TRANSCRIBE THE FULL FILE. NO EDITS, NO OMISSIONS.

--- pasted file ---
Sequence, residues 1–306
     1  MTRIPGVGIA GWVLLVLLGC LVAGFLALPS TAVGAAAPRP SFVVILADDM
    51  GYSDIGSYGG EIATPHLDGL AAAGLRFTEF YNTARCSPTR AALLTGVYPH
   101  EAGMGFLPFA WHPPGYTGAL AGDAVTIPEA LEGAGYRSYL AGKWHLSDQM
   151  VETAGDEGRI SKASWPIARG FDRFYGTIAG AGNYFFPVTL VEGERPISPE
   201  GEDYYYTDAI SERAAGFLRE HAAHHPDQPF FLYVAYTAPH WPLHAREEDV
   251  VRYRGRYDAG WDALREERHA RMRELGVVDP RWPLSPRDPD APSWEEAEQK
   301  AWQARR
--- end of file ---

Sequence, residues 1–306
     1  MTRIPGVGIA GWVLLVLLGC LVAGFLALPS TAVGAAAPRP SFVVILADDM
    51  GYSDIGSYGG EIATPHLDGL AAAGLRFTEF YNTARCSPTR AALLTGVYPH
   101  EAGMGFLPFA WHPPGYTGAL AGDAVTIPEA LEGAGYRSYL AGKWHLSDQM
   151  VETAGDEGRI SKASWPIARG FDRFYGTIAG AGNYFFPVTL VEGERPISPE
   201  GEDYYYTDAI SERAAGFLRE HAAHHPDQPF FLYVAYTAPH WPLHAREEDV
   251  VRYRGRYDAG WDALREERHA RMRELGVVDP RWPLSPRDPD APSWEEAEQK
   301  AWQARR